Vitamin D is mental health aid

Vitamin D can help stave off the mental decline that can affect people in old age, a study suggests.
Researchers from the US and the UK have looked at 2 000 people aged 65 and over. They found that compared to those with the highest vitamin D levels, those with the lowest were more than twice as likely to have impaired understanding.

Vitamin D is important in maintaining bone health, in the absorption of calcium and phosphorus, and in helping the immune system. People obtain the vitamin from exposure to sunlight, foods such as oily fish, and foods that are fortified with vitamin D, such as milk, cereals, and soya drinks. But older people's skin is less able to absorb vitamin D from sunlight so they are more reliant on obtaining it from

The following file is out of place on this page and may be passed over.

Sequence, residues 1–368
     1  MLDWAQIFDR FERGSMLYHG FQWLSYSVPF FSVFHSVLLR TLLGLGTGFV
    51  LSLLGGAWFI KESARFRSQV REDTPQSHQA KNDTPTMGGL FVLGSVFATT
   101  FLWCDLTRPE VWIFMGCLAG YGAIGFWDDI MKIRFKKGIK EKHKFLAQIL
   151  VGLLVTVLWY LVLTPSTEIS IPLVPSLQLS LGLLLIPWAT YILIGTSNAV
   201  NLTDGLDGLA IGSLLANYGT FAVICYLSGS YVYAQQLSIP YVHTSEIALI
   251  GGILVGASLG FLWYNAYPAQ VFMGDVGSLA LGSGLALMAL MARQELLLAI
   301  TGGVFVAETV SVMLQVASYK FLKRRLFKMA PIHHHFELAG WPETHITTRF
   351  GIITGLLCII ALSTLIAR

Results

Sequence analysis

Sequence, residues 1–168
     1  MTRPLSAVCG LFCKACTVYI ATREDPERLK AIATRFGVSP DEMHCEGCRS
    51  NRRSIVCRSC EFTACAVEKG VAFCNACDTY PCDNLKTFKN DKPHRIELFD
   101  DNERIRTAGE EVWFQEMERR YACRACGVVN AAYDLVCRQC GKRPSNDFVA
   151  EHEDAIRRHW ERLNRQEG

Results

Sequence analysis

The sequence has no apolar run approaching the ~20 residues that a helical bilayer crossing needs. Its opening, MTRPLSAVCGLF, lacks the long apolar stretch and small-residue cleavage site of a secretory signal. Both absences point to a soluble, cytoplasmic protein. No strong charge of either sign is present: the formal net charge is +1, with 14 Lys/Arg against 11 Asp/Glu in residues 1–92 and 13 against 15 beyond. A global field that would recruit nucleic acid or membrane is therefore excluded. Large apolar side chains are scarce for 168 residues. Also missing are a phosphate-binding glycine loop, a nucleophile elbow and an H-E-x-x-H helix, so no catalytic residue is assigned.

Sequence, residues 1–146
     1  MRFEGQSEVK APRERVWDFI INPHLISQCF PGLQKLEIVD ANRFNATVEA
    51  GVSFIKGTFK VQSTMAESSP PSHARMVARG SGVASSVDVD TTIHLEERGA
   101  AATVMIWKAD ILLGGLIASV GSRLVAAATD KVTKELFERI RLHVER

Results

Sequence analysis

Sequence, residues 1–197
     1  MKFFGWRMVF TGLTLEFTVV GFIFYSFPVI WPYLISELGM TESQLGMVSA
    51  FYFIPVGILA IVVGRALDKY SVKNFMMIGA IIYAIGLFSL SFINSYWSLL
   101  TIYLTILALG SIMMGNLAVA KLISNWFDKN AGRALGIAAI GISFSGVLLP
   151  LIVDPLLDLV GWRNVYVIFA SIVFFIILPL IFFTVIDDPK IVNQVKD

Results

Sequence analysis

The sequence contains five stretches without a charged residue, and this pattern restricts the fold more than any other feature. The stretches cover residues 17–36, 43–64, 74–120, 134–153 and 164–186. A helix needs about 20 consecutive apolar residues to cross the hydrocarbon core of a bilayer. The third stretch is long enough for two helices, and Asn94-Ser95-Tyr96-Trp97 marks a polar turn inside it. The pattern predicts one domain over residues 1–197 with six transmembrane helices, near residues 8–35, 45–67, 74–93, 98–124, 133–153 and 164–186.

other sources.

Animal and lab studies have previously suggested that the vitamin can have a beneficial effect on cognitive function.

But the team from the Peninsula Medical School in Exeter, the University of Cambridge and the University of Michigan, assessed people's cognition, or comprehension skills. People who have impaired cognitive function are more likely to develop dementia. The researchers looked at people who had taken part in the Health Survey for England in 2000.

Just over 200 had significant cognitive impairment, assessed by looking at people's attention, orientation in time and space and memory. The study found that as levels of vitamin D went down, levels of cognitive impairment went up.

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